Robert M. Nutting, president and CEO of Wheeling, W.Va.-based Ogden Newspapers Inc., has been elected as the Newspaper Association of America’s next chairman. The gavel was passed to Nutting by last year’s chairman, James M. Moroney III, during NAA mediaXchange 2013 held here April 14-17. Moroney, publisher and CEO of The Dallas Morning News, will continue to serve on the NAA Board of Directors as immediate past chairman.

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 News from the States 


Blogger need not reveal sources, judge says in extending Shield Law

A state court judge has extended the protections of New Jersey's newspersons' Shield Law to independent bloggers, even those who crusade against perceived government corruption and mismanagement.

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Virginia's new nuclear agency gets cloak of secrecy

Virginia is creating a new agency to support development of nuclear power – a move that has upset environmentalists and open-government advocates, because the entity won't have to comply with the state's Freedom of Information Act and other laws.

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San Jose to appeal ruling that private texts, emails can be public

San Jose officials voted unanimously Tuesday to appeal a judge's landmark ruling last month that city officials' communications about city business are public records even if sent and received on private text, email or other electronic networks.

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Ga. Juvenile official irked secrecy effort revealed

Emails show that a Georgia juvenile justice official was angered by a writer’s coverage of a bill that would keep some reports of problems in juvenile lockups secret, and she worried that news coverage could derail the legislation. Hollie Manheimer, executive director of the Georgia First Amendment Foundation, expressed concerns about the legislation in a letter to a state representative that there were good reasons for withholding the names of juveniles, but classifying all the other information as state secrets is a bad idea.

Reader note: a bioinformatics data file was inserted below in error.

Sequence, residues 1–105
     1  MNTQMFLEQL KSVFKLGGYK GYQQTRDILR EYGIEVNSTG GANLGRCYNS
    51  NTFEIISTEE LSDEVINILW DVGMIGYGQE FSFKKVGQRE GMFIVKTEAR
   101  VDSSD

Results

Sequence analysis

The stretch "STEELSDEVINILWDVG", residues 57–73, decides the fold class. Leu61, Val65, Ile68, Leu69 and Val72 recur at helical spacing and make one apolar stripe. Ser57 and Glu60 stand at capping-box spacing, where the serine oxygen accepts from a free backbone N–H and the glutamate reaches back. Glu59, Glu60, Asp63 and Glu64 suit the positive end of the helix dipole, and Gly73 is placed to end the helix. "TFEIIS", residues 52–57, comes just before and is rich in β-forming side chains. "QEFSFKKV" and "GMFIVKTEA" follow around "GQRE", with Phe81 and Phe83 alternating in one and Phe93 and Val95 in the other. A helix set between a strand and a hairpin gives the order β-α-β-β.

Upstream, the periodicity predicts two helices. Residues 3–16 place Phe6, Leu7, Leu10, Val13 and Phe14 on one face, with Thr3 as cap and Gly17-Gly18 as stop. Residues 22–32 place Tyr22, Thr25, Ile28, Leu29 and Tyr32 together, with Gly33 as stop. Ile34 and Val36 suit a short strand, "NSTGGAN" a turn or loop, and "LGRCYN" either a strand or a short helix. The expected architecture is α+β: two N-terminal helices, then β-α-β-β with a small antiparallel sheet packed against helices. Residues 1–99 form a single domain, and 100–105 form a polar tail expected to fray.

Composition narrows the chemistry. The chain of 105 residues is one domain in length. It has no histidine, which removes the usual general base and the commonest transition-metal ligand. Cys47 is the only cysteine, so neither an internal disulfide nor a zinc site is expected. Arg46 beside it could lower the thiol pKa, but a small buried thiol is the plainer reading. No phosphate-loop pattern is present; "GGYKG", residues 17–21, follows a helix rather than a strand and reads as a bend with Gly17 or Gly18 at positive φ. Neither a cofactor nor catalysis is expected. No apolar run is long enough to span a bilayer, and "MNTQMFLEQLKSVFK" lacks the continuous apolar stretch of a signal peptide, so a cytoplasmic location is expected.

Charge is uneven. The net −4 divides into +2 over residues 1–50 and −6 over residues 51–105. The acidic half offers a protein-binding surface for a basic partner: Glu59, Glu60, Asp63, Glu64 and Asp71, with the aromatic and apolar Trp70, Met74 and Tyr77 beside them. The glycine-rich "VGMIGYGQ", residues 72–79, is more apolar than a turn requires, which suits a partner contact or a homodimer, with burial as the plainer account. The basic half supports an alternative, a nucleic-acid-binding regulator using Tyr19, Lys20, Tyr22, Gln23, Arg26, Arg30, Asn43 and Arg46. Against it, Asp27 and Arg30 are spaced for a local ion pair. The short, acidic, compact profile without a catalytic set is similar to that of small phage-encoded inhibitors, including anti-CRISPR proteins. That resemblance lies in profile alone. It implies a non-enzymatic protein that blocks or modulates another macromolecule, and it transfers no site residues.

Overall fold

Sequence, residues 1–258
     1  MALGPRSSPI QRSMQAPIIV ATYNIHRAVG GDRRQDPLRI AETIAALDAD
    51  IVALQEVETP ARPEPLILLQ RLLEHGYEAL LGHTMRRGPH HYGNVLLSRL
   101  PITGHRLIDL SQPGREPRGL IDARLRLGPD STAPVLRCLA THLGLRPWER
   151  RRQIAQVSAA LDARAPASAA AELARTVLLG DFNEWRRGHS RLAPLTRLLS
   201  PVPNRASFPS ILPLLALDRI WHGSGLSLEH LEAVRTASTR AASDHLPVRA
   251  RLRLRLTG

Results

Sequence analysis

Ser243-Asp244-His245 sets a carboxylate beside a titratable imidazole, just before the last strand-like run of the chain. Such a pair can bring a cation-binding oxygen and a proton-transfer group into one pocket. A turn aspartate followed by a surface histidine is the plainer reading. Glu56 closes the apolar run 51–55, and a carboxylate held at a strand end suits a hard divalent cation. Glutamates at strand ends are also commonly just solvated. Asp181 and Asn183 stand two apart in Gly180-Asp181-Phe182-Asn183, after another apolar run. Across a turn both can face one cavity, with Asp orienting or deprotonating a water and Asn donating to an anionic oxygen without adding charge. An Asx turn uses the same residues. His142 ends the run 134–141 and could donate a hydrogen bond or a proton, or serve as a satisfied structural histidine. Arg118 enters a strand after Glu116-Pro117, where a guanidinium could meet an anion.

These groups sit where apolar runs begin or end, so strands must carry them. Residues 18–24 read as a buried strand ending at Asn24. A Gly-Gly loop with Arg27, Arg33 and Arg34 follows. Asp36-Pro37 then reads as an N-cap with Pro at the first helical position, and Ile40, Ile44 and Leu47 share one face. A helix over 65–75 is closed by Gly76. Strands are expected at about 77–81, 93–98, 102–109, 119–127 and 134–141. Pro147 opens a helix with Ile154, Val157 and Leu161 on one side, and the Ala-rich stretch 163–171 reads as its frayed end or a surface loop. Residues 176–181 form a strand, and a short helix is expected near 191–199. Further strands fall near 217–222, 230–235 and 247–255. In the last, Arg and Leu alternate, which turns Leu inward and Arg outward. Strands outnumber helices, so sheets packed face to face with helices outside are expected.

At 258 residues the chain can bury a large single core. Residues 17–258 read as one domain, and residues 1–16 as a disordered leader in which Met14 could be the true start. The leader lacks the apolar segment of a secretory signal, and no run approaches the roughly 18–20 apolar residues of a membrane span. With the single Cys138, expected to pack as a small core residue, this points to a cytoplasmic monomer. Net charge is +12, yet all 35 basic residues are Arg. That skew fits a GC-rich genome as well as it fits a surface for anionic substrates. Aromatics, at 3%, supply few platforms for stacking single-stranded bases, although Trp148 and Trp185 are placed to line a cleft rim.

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Appeals court: SPD must pay $150,000 in public records case

A state appeals court has unanimously upheld a judge’s award of more than $150,000 to a man who was improperly denied public records by the Seattle Police Department. In a 3 to 0 decision, the court found that King County Superior Court Judge Richard Eadie did not abuse his discretion in granting attorney fees to Turner Helton, who sought records relating to an excessive-force complaint he brought against officers.

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State FOIA Friday

See the latest State FOIA Friday for FOI and local open government news items selected from many of interest that we might not have drawn attention to earlier in the week. The latest issue includes: One resident, hundreds of FOI requests keep New Canaan (Conn.) officials busy … Indiana public records board rejects IUS student’s open meetings complaint … Burlington (NC) advised to oppose public records measure … CA Legislature kills bill to shield identities of armed teachers … Councilman makes FOIA request to mayor and council, Arkansas … Read more from the latest State FOIA Friday and be sure to check out our archives from Fridays past.

 


FOIA Events Calendar

Check the events calendar for FOI, FOIA, open government and transparency goings-on. Upcoming events includes: Free Florida First Amendment Foundation Webinars, Transparency Camp 2013, Citizen Advocacy Day, The Legal Infrastructure for Civic Engagement, Washington Coalition for Open Government Workshop, 2013 New Mexico Continuing Legal Education Seminar, NFOIC FOI Summit, 2013 Freedom Foundation WA Tour, and more.

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About NFOIC
The National Freedom of Information Coalition protects our right to open government. We are a nonpartisan alliance of citizen-driven nonprofit freedom of information organizations, academic and First Amendment centers, journalistic societies and attorneys. Twice annually, NFOIC awards grants to strengthen state coalitions and member organizations, foster their growth, and support a broad range of open government endeavors in individual states. The NFOIC also administers the Knight FOI Fund, which offers financial support to defray costs and expenses in open government lawsuits throughout the year.